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Rwandan journalists trained in environmental reporting

The EJN-supported training was held in Musanze, a city at the foothills of the picturesque Virunga volcanic mountains. Twenty journalists from different media – print, digital, television and radio – attended the two-day workshop, centered around the illegal wildlife trade in Rwanda.

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The Rwanda Environmental Journalists (REJ) network recently held its first environmental journalism training workshop, with support from Internews’ Earth Journalism Network’s East Africa Wildlife Journalism project.  

REJ is the country’s only registered local media non-profit organization, founded in 2019 by a group of young journalists seeking to improve the coverage of environmental issues by the media in Rwanda.  

“We are happy that now environmental reporters in the country have an opportunity to get quality training and mentorship,” said Daddy Rubangura, one of REJ’s founders. 

The EJN-supported training was held in Musanze, a city at the foothills of the picturesque Virunga volcanic mountains. Twenty journalists from different media – print, digital, television and radio – attended the two-day workshop, centered around the illegal wildlife trade in Rwanda.  

Participating journalists learned about the country’s wildlife protection policies and regulations, and had the opportunity to engage with experts from the Ministry of Environment, Rwanda Environment Management Authority, Rwanda Development Bank, Rwanda National Police and more. As part of the workshop, journalists visited Volcanoes National Park in Kinigi and the Gorilla Guardians Village – an initiative of former gorilla poachers who now showcase traditional Rwandan culture for tourists to bolster local gorilla conservation efforts.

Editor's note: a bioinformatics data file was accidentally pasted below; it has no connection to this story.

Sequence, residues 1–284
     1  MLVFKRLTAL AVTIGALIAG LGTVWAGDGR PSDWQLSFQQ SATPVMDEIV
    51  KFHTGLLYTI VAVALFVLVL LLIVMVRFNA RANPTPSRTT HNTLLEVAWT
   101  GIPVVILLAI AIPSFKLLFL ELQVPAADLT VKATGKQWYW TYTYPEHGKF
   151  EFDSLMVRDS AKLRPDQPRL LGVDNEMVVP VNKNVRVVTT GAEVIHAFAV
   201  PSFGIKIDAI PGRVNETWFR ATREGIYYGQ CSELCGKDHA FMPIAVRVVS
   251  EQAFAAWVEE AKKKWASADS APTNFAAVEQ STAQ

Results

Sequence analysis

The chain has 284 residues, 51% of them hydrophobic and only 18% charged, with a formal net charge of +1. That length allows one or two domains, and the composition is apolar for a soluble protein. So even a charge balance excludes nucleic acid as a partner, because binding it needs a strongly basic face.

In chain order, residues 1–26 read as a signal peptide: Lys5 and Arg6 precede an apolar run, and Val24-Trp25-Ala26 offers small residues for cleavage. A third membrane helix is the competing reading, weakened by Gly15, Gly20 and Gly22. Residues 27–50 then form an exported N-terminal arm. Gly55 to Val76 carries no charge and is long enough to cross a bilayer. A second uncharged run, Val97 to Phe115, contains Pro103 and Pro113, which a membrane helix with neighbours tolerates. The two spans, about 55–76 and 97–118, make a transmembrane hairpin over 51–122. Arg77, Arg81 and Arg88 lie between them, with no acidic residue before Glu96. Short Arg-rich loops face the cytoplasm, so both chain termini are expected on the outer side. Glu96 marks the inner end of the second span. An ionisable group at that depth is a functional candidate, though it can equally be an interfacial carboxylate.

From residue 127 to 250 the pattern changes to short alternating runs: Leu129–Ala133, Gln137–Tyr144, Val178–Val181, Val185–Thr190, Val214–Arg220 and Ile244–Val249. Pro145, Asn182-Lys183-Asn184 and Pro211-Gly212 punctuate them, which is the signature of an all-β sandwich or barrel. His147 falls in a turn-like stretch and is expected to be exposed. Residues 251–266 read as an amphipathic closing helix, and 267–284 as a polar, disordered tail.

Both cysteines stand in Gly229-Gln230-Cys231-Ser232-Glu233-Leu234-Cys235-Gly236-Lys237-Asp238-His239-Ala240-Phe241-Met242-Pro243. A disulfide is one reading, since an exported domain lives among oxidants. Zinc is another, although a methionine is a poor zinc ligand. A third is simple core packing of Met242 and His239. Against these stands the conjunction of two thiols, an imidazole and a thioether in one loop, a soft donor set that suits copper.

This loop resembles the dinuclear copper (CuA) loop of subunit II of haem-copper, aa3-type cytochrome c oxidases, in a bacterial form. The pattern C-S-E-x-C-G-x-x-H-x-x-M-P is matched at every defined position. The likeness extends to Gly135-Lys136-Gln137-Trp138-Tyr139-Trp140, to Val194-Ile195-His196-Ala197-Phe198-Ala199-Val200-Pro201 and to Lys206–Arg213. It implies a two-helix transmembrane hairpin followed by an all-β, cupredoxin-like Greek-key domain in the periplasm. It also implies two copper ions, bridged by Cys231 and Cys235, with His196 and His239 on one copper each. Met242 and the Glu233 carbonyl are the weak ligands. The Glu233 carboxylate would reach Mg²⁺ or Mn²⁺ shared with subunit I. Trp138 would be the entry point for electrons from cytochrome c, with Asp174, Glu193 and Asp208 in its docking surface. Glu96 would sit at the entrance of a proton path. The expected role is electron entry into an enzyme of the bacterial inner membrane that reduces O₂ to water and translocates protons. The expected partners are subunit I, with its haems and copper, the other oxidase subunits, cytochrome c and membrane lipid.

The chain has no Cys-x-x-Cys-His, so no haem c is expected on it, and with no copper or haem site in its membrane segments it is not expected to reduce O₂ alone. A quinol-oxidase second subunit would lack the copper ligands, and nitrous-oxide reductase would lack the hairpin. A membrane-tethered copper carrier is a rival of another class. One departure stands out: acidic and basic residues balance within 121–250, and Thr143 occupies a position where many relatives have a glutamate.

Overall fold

“We rarely get these opportunities here in Rwanda,” said Yves Rugira, a journalist who works with Radio Salus. “The training was great in showing us about environmental and conservation challenges, and what the government and other stakeholders are doing to alleviate it.” 

As part of the project, REJ hopes to conduct more workshops to train local journalists on environmental issues. They will also provide reporters with travel stipends and mentorship to investigate stories they would otherwise find difficult to cover. 

Committed to empowering journalists in East Africa to tell more compelling stories on the environment, conservation and climate change, EJN is pleased to support a local Rwandan organization such as REJ, whose network can reach journalists who typically lack access to training and capacity-building opportunities. 

“We had found it difficult to train journalists in Rwanda, mostly due to the language barrier, as most use their local language, Kinyarwanda,” said Kiundu Waweru, EJN’s East Africa project manager. “EJN and REJ both share the same mission: to improve the quality and quantity of environmental journalism,” he added. 

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